Does your child need a drug to help her pay attention?
So many parents are being told that their children have concentration problems, can’t focus or show limited attention span. Along with these descriptors, they hear that their child daydreams, fails to complete tasks, loses things, fidgets excessively and so on.
Seeking medical help usually results in a prescription for a stimulant drug, such as Ritalin, Concerta and Strattera. We do know that behaviour can be changed using certain drugs. On Ritalin, for example, children are better able to pay attention, stay on task and sit still but the results are temporary; only with repeated dosages and sustained-release tablets will the benefits last all day. Increasing the dosage over time brings risk of potential side effects even if these don’t show immediately and prolonged use should be discouraged because of uncertainty about long-term effects. In addition, the drugs don’t address the basic problem. They may make children easier to manage but don’t make them smarter or happier. Children don’t learn any better when on medication – in fact, their work may show a lack of thought and originality. They help the children get through the day in a mechanistic way but don’t make them better prepared for tomorrow. Unfortunately, the drugs are often used alone, with no on-going programme to help the child in other ways. In short, they may be the quickest and easiest ‘solution’ for children with attention problems but they aren’t the best.
The reason is that drugs don’t affect the underlying problems. Behavioural problems and inattentiveness are symptoms of other problems and the answer isn’t to be found in medication. Let’s have a look at some case studies:
Little Anna was the smallest child in class and came across as being quiet, withdrawn and easily distracted. She stares at other children and plays nervously with her crayons and books. When evaluated for neurodevelopmental delays, she showed that her stress levels were very high. She had some early developing irregularities that interfered with her brain’s ability to cope with the sights and sounds in the world. She was simply overwhelmed by what she perceived as ‘threats’ from her environment. Once these were addressed, her stress levels dropped and she became more responsive.
John never sits still. His constant activity often makes him a nuisance in class and at home. Under investigation, ILT found that due to hitches during his birth and early development, he had mixed dominance, and had failed to develop left-right preference because he hadn’t integrated the two sides of his body. He also hadn’t developed the foundational systems needed for efficient motor functioning and stable posture. As these were addressed, he became better able to keep his body still and use it in developmentally healthy movement activities that he could not master before. This led to his behaviour becoming less annoying, increased ability to make friends and improvements in classroom learning.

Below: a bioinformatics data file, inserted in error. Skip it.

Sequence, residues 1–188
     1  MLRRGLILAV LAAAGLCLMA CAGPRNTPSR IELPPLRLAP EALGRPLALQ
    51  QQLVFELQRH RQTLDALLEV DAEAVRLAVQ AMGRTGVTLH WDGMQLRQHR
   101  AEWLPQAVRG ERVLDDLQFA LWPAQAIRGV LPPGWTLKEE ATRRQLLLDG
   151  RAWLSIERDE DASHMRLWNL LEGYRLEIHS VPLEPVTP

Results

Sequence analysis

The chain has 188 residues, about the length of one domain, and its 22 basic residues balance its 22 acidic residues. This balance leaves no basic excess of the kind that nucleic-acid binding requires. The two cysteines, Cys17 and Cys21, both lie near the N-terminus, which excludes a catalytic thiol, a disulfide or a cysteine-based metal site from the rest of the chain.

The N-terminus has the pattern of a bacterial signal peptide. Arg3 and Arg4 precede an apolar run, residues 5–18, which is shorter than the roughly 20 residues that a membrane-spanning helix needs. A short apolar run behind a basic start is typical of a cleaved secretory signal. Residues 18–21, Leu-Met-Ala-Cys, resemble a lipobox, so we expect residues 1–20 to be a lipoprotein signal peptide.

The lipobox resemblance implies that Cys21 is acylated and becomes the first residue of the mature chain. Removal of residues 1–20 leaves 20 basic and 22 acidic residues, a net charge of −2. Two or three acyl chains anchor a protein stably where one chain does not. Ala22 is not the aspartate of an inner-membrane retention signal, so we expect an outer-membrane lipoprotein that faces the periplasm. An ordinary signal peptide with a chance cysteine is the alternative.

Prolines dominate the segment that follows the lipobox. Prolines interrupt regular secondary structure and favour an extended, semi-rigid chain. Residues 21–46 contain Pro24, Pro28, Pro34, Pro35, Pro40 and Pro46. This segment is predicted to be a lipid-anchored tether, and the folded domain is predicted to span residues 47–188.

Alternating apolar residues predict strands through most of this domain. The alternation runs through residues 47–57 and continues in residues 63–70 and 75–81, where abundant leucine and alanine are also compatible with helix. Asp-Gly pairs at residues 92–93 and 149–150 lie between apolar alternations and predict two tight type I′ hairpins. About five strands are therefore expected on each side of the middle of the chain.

Kevin is a daydreamer. He often stares out a window or at the television screen. He is slow to complete his work. He is clumsy and often drops things. He has allergies and is often ill with sinusitis and colds. An ILT evaluation showed that his body didn’t work automatically. He was using his mind to run his body so the brain’s higher levels, supposed to be used in learning and daily coping, were not available for cognitive functioning. It would have been so easy for Kevin to slip through the cracks without achieving his potential. A programme to help underdeveloped brain areas brought about noticeable improvements in his schoolwork and physical coordination.
Little Sam was asked to leave his nursery school because his ‘violent’ behaviour and tantrums became too much to manage. A full neurodevelopmental evaluation by ILT showed no irregularities in development or sensory-motor system functioning. What was suspected was a sensitivity to food colourants and preservatives. On a trial basis following this suspicion, Sam’s family excluded any foods containing these additives and Sam almost immediately became calmer, eventually returning to his school as a happy, friendly little boy.
So drugs aren’t the answer to behavioural problems or inattentiveness. Instead, these children need a comprehensive evaluation followed by an individualized programme that corrects identified areas of irregular functioning.
Interestingly, an ILT associate ran a programme with a group of over 50 children, all diagnosed with ADHD. They were given daily certain sensory-motor stimulation and other movement activities designed to recreate the movement patterns that function to develop the brain in the early years. About half these children were on Ritalin when they started the programme. All were taken off Ritalin from three to six months later with no need to be put back on Ritalin or other behaviour-modifying medication. For all children, the results showed the elimination of behaviour problems, better school results and dramatically improved coordination. Social skills improved significantly as well but most importantly, the children were clearly happier.
Correcting behavioural and learning problems isn’t easy. Effective intervention needs a holistic approach that reaches to the problems in the background and provides a supportive, encouraging environment. For this reason, ILT is practiced in the family – no weekly visits to a therapist but ‘quality time’ spent in movements in which one or both parents can be involved. The rewards are immeasurable. There is nothing better than watching a child who begins to feel good from the inside out!
 Shirley Randolph, Tree of Learning Centre, Boise, Idaho